Dining in Italy. Not only is Italian the language of love, but it is the also the language of food. For many of our readers who are visiting Italy in the next few months and especially for those who are making their first journey to the country, we have prepared a short guide about the names associated with the various dining establishments.
Perhaps the first thing to realize is that if you were to look up the terms ristorante, trattoria and osteria, they will all share the same definition – a restaurant. There are important differences, though. A ristorante is the most formal of the three and usually a bit pricier than a trattoria, which is less formal and is usually family-run. In Italy, it is considered rude for a waiter to interrupt your meal, so in a trattoria or ristorante, you will have to call a waiter over to ask for the bill.
An osteria, sometimes also called a hostaria or tavern, not to confuse matters, is more of a budget conscious option. In the past, an osteria would serve wine, while patrons would bring their own food. The distinction between the three is becoming less important, many osterie have shifted slightly upmarket, serving a limited menu, while some ristoranti call themselves trattorie to seem less stuffy and a bit cozier. If you would like to stop somewhere for a drink, head to an enoteca, wine bar or birreria for beer, which will often serve small appetizers as well.
When you encounter a tavola calda, which translates to hot table, you will find a takeout restaurant. There will be a selection of hot food prepared that day, to be reheated to order. Typical offerings will be several warm pasta and meat dishes, as well as salads, pastries and often pizza, too. You will find these along the Autostrada and are a great place to stop for cookies, candy and taralli.
A bar and caffè are typically the same. Often, they will stay open late, serving alcohol and/or aperitivo in the evening, but unlike bars in the U.S., by day they are the go-to place for your coffee and pastry. In a caffè you will place your order, get a receipt, then go to the register to pay, while they put your order together. Another thing to keep in mind is that not all caffès have takeout, so be sure to ask if you can get a caffè da asporto, a coffee to go. Some of Italy’s caffès are remarkable for their decor. Historic and opulent, the interiors are absolutely breathtaking.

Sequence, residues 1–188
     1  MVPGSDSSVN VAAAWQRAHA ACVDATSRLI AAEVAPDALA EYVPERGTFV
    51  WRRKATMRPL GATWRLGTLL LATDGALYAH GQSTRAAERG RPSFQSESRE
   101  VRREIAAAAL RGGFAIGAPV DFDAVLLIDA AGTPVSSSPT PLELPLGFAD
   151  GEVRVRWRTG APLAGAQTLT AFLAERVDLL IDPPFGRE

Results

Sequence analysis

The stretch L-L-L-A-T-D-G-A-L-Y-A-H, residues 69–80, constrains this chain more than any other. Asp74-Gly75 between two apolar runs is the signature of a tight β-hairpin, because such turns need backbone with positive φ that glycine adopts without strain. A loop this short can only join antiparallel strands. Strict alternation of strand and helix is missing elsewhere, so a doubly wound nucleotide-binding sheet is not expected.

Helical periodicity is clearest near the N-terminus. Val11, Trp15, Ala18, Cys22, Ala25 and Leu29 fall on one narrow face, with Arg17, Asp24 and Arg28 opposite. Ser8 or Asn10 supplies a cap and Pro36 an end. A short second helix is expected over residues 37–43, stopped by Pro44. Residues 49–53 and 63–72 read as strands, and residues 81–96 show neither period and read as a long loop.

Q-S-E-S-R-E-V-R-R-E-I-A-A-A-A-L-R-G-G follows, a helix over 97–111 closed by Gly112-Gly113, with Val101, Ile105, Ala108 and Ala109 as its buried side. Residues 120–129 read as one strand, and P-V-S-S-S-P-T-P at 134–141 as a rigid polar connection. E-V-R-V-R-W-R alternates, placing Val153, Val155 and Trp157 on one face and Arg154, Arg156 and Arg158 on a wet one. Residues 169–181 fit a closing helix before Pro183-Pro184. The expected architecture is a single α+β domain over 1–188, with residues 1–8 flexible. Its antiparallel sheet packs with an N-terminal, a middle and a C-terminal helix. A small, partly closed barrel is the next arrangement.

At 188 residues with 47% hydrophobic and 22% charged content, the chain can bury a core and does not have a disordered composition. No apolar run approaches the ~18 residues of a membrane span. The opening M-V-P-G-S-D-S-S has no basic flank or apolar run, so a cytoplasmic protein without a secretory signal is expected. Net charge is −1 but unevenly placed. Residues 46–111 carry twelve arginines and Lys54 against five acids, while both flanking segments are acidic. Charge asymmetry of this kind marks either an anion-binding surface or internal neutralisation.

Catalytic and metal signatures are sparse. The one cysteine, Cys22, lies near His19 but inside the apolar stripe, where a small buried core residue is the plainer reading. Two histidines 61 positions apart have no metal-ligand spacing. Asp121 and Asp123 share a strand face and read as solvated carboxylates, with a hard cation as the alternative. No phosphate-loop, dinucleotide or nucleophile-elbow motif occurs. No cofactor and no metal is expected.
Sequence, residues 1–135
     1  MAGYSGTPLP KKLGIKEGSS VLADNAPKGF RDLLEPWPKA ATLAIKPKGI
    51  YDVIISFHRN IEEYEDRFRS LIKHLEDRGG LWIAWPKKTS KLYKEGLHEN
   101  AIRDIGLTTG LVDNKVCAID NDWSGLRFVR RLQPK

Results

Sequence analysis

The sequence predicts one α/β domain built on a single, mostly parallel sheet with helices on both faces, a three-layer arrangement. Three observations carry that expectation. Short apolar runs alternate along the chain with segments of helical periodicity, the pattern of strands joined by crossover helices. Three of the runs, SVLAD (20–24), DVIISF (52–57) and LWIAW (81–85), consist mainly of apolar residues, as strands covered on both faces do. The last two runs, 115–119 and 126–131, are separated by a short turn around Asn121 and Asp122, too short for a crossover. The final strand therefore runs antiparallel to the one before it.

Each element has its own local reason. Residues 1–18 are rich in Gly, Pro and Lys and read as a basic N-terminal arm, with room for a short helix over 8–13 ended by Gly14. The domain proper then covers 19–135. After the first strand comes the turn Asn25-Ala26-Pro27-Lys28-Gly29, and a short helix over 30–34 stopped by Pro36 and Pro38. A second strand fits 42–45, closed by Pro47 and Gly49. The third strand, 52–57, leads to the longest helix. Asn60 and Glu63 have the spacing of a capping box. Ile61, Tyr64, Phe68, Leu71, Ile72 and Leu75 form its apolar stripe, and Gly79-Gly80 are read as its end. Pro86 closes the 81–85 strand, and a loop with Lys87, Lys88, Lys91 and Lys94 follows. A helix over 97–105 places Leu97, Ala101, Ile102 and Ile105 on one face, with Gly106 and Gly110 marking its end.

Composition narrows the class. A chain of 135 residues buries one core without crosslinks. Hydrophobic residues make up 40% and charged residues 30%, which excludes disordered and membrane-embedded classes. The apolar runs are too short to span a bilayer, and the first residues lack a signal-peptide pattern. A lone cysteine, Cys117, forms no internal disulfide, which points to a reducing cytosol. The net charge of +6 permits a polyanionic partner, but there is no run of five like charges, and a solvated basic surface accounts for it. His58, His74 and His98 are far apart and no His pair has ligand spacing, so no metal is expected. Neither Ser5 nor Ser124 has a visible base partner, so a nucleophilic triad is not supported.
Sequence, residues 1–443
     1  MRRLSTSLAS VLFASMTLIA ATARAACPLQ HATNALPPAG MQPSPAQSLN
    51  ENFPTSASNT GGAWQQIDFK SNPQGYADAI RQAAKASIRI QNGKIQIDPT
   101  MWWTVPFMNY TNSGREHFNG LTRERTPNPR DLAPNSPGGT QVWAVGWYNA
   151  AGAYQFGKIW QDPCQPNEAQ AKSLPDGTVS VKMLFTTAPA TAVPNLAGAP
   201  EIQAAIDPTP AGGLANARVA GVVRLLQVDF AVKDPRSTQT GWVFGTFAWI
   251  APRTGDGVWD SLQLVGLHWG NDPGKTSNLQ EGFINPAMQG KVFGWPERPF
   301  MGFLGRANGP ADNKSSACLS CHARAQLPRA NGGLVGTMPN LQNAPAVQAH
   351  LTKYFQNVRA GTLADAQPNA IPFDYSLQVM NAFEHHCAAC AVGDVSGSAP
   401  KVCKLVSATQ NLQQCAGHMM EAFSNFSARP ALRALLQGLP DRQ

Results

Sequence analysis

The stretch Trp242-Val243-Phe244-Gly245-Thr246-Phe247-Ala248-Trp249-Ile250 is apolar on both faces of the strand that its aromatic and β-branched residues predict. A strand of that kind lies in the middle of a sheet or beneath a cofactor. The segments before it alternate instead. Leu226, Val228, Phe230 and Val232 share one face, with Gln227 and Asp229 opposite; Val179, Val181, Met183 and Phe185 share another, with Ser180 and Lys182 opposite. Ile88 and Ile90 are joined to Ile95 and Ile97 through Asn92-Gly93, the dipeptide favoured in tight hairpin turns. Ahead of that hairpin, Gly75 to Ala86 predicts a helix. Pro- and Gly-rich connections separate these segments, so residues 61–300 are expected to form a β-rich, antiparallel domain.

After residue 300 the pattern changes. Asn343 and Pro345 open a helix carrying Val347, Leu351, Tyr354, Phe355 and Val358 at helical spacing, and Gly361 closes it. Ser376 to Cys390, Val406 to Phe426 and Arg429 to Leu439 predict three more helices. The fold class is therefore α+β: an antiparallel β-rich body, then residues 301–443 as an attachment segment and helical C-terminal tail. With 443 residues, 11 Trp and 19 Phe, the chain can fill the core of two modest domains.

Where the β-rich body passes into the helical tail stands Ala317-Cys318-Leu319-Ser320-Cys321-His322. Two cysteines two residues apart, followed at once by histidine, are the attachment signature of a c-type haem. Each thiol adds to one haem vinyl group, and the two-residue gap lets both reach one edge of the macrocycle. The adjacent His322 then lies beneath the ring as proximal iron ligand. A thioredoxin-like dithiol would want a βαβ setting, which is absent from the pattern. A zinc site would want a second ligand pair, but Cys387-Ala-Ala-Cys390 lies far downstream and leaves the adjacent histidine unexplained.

Next to consider is the pizzeria. Most pizza in Italy is significantly smaller (and better) than you will find stateside. Ordering by the slice is available in some pizzerias and is called al taglio.
When you encounter a menu a prezzo fisso, it is a fixed price menu. You pay a certain price for one of a limited range of dishes and a drink or coffee (espresso) is often included. It might be an option (sometimes expensive) for the less than adventurous diner, but the fare will include simple, popular dishes. Be forewarned, if you see turistico (tourist menu), you will get tourist food, in other words, mediocre at best – so stay away!
In the selection of your courses, there will be primo and secondo. Primo normally is a pasta or risotto, while the secondo is usually a type of meat dish and may be further divided into mare, denoting seafood and terra for meats and vegetarian dishes. Another term indicating fish is alla pescatora, fisherman’s style.